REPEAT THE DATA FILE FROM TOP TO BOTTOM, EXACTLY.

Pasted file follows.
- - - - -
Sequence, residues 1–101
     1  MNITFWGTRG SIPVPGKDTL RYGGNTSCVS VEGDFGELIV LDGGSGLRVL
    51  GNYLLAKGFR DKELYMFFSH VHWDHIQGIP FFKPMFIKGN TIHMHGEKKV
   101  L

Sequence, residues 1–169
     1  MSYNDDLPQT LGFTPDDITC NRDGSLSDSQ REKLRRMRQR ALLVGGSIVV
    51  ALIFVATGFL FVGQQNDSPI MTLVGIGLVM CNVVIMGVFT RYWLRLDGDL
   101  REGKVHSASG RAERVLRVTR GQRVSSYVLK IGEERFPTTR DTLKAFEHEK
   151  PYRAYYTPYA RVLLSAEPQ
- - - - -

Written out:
Sequence, residues 1–101
     1  MNITFWGTRG SIPVPGKDTL RYGGNTSCVS VEGDFGELIV LDGGSGLRVL
    51  GNYLLAKGFR DKELYMFFSH VHWDHIQGIP FFKPMFIKGN TIHMHGEKKV
   101  L

Sequence, residues 1–169
     1  MSYNDDLPQT LGFTPDDITC NRDGSLSDSQ REKLRRMRQR ALLVGGSIVV
    51  ALIFVATGFL FVGQQNDSPI MTLVGIGLVM CNVVIMGVFT RYWLRLDGDL
   101  REGKVHSASG RAERVLRVTR GQRVSSYVLK IGEERFPTTR DTLKAFEHEK
   151  PYRAYYTPYA RVLLSAEPQ